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Rent Guarantee Scheme

What will Brexit mean for landlords in the future?

In my last Brexit article I noted that the decision to leave the EU will immediately usher in a period of great uncertainty.

This represents a far from ideal situation for any investor – and this is particularly the case for landlords.

In this article I’d like to map out the areas that will be most critical for landlords in the future. I will visualise what the vote to Brexit may mean for you.


The wings of a butterfly

But first, I’d like to go from the solidity of bricks and mortar to the fragility of a butterfly’s wings.

The rental sector in the UK is dependent on many different influences: house prices, house supply, migration, mortgage rates, employment, legislation, and so on.

Small changes in any of these can have knock-on effects on any other.

This is known as the butterfly effect.

A small cause somewhere can have large effects elsewhere. The flaps of a wing of a butterfly may eventually effect the location and severity of a hurricane somewhere else.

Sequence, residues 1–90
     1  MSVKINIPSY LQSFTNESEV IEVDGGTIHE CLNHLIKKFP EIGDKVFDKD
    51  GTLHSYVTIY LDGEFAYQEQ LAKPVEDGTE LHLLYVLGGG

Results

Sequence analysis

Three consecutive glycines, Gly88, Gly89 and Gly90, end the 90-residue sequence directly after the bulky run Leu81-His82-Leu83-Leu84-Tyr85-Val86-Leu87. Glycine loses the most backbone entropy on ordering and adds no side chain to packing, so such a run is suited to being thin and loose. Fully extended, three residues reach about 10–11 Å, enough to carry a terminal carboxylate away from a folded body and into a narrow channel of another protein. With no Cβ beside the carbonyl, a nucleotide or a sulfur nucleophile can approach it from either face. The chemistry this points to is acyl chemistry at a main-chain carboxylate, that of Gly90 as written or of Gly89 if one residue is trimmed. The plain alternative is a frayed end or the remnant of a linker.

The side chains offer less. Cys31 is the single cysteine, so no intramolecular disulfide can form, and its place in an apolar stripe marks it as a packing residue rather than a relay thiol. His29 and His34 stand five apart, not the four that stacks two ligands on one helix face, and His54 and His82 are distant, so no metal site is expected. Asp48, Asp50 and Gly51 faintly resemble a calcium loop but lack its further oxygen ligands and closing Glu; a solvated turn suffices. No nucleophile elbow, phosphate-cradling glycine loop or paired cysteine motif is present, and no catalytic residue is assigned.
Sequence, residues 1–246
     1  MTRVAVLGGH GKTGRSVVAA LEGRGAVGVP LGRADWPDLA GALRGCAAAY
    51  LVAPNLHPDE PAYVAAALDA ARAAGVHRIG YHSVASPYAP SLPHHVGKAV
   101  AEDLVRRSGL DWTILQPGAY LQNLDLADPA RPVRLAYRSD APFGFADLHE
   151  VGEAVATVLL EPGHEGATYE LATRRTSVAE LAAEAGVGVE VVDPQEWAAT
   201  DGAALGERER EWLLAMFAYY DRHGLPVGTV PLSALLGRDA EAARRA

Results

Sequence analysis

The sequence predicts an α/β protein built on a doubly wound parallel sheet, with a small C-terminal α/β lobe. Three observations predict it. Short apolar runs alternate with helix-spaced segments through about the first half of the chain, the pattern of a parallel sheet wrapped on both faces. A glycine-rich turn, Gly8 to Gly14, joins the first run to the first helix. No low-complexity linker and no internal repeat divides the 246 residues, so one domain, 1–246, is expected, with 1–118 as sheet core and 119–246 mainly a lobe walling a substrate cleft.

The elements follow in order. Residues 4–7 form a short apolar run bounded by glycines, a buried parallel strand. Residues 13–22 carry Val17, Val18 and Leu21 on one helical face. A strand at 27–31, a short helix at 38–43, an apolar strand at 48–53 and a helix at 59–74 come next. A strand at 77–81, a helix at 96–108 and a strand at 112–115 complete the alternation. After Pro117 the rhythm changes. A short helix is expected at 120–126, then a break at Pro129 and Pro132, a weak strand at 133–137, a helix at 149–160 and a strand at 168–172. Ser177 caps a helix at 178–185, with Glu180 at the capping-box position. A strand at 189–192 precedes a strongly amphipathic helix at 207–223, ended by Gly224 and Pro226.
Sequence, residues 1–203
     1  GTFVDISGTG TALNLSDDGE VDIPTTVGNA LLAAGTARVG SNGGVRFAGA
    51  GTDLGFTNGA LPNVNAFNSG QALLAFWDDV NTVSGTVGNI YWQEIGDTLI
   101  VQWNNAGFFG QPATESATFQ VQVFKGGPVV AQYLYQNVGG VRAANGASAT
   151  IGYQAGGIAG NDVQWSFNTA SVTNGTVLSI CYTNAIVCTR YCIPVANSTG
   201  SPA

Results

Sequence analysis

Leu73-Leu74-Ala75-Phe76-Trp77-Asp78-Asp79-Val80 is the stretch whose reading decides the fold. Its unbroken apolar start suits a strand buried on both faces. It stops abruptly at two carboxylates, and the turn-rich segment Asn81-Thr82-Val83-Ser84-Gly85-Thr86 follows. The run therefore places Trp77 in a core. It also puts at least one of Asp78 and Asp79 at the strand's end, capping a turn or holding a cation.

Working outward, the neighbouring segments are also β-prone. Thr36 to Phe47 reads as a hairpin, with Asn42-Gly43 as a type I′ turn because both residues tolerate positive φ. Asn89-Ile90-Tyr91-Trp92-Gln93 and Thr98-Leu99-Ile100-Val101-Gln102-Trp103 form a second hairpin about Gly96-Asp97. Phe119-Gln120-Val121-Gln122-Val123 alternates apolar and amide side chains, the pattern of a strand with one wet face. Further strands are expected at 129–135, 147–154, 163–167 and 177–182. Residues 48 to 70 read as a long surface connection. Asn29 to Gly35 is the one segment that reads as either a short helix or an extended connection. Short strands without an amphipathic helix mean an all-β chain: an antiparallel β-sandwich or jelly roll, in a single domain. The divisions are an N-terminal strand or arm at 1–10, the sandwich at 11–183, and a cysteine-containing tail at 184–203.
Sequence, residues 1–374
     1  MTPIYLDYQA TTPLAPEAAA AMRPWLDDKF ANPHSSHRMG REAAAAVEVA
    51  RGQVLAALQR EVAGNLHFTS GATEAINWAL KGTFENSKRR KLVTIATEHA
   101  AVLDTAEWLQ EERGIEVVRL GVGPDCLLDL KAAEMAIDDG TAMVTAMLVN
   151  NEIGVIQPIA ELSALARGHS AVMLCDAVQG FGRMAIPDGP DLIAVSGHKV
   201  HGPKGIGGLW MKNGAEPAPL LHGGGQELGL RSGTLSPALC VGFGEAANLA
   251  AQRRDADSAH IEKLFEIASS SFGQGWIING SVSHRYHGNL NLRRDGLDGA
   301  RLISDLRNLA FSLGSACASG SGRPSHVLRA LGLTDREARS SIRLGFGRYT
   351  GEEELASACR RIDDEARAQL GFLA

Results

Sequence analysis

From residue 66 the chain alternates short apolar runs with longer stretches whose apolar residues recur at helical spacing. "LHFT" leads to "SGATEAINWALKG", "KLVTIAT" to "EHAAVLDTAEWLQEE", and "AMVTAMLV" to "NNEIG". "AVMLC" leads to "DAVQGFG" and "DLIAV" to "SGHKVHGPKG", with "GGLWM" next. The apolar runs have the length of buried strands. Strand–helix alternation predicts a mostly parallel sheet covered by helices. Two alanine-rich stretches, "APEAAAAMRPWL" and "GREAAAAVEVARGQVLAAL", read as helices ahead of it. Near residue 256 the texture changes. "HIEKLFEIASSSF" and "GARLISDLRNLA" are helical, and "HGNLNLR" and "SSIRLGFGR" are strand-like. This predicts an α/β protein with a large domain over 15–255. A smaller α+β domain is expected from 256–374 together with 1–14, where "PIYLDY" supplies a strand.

It is this butterfly effect that makes making predictions so hard.

But, here goes.


The economy

Experts on both sides of the debate mostly agree that Brexit will have a negative impact on the economy, at least until the dust settles in a few years’ time.

  • Uncertainty over the UK’s relationship with the EU and wider world will discourage investment, especially foreign investment
  • Maintaining full access to the single market will not be easy
  • Restrictions on immigration could hurt competitiveness
  • Positively, a lower Pound could boost exports

Brexit is likely to negatively impact the economy, at least for a few years: this will lead to rent arrears and limit potential rent increases.


Population growth

Brexit is unlikely to lead to a baby boom or mortality crisis, but what effect may it have on immigration.

On the face of it, it is hard to see that it will have any:  currently about half of the net migration to the UK is from outside the EU. It will also be difficult to remain in the single market whilst limiting immigration from from EEA countries.

Yet those promoting ‘Leave’ have insisted we will see a reduction of immigration. If we accept this, and add that the UK’s struggling economy will no longer attract so many migrants, we may see a slower population growth.

A slower population growth, thanks mainly to reduced immigration, will have a significant negative impact on the demands for rented housing.


 

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